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Opinion: Politics, short-sighted moves marked governor’s actions on social services

As Gov. Schwarzenegger prepares to leave office in just over a month, the legacy he leaves behind in the area of social services can be summed up as follows: It didn’t have to be this way.

During his tenure, Schwarzenegger routinely made short-sighted decisions that not only hurt Californians struggling to make ends meet, but also stunted the state’s economic recovery, while doing nothing to solve our chronic budget deficit. He politicized programs, including CalWORKs, Child Welfare Services and In-Home Supportive Services, with long histories of bipartisan support, and fueled public misperception about programs that serve California’s most vulnerable families.

Poor families and individuals become an easy target during lean budget years, when the state’s economy is down and unemployment is high. Instead of standing up for working families and vulnerable children, the governor played politics with people’s lives.

This was particularly true in CalWORKs, a successful program created on a bipartisan basis that meets the goals of getting people to work and helping poor children. Enacted in 1997 with Republican Governor Pete Wilson’s heavy involvement, CalWORKs has contributed $12 billion in savings to the state budget since it began, as welfare rolls dropped and dollars were shifted to other state programs. The program brings in $3.9 billion in federal funds to the state each year, boosting our economy with $6 billion in economic output, 137,000 private and public sector jobs and $130 million in sales tax revenues. But budget deals over the last few years eroded the program’s effectiveness and threaten to plunge it into further confusion if changes the governor demanded are allowed to take effect in mid-2011.

Cutting support for low-income families may have scored a few politically popular points, but where has it left California?

–Fewer CalWORKs recipients are being placed into jobs. Reductions to the program sought by the Schwarzenegger administration led to $570 million in cuts that went directly toward moving welfare recipients into the workforce, including a 2009 measure that turned back the clock on welfare reform by eliminating work requirements for 60,000 families on aid with young children. Families were essentially told to stay home instead of going to work, and delay their transitions to work and off aid.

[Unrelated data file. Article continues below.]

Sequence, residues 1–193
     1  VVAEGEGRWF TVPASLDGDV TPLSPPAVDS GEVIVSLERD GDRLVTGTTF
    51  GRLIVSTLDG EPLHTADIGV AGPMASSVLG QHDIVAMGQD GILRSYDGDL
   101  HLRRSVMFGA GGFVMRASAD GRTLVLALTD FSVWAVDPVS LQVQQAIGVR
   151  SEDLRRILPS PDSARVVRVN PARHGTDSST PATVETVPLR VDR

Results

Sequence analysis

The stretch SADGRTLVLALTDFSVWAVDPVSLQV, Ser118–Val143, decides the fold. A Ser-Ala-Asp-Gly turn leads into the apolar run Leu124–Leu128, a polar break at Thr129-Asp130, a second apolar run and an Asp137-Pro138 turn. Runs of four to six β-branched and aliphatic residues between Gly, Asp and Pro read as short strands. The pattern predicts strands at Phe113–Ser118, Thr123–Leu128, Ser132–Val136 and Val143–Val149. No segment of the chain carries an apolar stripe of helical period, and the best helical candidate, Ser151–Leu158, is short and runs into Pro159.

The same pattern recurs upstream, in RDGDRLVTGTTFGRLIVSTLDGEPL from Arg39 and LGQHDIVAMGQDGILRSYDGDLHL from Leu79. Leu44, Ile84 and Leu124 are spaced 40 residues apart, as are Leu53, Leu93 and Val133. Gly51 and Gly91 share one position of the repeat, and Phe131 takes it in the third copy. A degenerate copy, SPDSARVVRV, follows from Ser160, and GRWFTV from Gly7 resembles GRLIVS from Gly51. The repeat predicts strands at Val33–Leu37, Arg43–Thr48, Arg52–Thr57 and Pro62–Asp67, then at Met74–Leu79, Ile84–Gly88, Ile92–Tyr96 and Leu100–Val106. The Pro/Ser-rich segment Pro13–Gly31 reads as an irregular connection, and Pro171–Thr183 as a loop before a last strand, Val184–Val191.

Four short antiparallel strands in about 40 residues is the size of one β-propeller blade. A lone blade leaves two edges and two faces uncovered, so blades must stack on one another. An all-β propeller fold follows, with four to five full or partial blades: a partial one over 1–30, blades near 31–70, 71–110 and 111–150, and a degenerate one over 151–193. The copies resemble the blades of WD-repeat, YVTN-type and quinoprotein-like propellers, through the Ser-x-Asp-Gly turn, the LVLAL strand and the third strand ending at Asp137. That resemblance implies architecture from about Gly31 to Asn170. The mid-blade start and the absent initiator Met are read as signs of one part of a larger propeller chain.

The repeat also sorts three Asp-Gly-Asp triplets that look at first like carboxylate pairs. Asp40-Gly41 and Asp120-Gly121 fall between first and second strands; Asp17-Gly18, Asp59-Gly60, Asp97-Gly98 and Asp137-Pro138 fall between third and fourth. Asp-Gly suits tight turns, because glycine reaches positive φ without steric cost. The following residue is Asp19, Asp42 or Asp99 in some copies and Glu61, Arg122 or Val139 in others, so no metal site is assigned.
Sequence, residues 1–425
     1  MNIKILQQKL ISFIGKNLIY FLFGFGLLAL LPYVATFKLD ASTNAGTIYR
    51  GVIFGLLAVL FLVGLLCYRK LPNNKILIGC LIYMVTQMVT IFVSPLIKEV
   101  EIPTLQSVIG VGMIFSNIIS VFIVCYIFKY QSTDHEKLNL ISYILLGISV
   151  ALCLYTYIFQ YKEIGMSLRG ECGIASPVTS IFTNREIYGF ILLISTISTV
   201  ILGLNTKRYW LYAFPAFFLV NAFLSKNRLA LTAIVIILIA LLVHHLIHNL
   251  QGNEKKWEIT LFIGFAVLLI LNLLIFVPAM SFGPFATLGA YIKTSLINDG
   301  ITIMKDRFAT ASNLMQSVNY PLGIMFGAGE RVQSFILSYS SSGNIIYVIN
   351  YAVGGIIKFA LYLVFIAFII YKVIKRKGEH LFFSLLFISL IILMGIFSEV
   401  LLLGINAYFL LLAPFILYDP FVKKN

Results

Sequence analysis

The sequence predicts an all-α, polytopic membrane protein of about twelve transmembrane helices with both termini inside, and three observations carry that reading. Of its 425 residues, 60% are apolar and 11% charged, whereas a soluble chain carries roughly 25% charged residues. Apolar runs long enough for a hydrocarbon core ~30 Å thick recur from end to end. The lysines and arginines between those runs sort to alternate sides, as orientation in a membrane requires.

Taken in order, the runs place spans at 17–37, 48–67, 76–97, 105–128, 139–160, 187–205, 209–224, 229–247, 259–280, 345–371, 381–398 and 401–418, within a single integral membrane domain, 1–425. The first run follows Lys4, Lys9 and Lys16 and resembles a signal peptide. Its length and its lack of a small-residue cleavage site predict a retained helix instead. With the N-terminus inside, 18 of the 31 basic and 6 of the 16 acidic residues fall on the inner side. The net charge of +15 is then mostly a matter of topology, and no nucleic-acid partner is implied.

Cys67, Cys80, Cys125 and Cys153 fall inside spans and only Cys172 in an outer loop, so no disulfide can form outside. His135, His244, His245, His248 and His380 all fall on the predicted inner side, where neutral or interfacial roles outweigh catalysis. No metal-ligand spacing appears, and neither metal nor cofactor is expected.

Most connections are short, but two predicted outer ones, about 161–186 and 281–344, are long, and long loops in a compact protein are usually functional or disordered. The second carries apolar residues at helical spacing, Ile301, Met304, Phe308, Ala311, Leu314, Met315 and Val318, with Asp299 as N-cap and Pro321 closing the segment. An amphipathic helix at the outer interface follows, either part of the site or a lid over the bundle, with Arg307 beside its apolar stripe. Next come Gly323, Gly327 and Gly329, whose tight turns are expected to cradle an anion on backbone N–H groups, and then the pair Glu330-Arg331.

–Because of the governor’s recent Stage 3 Child Care veto, families who have successfully left CalWORKs are forced to choose between losing their jobs and going back on welfare, or keeping their jobs but leaving their children home alone or with unqualified child care providers. This short-sighted move means 81,000 children of 60,000 working parents will lose quality child care. The governor’s unnecessary action will force thousands more people to join the ranks of California’s unemployed.

–The governor’s additional CalWORKs “reforms,” scheduled for 2011, would further dismantle the bipartisan agreement on welfare reform, and result in conflicting rules and incentives for families.  Examples include case reviews for some families who are already working; grant reductions during a one-year “sit out” period for parents, even those who are working, delaying their final year on aid; and a revised policy that actually delays sanctions for non-compliance.  

–There is a reignited public misperception that these programs are ripe with fraud and that families are taking advantage of the temporary assistance available under CalWORKs. The governor used a catchy phrase – “waste, fraud and abuse” – despite the fact that reports and audits repeatedly found little to no fraud, counties routinely screen cases for inconsistencies that could point to fraudulent activity, and data did not support his claims.

It didn’t have to be this way.

The governor had a tremendous opportunity to roll up his sleeves and try to help mend the tattered safety net for children and families.

The state Department of Social Services utilized an enormous opportunity provided by the Obama administration to work with counties and put 35,000 people to work in the last year in subsidized employment slots funded through the federal stimulus package.

But it was an anomalous action, and came at the same time the governor sought cuts that removed people from the workforce. Amidst the crisis and the possibilities of subsidized employment, he could have held up social service programs as precisely the way to get people back to work and help California’s economy recover. He could have taken pride in supporting a welfare-to-work model that state and federal policy experts agree is an example for successfully improving the lives of people and the fiscal outlook of a state.

That he chose otherwise leaves a legacy that no one should be proud of.


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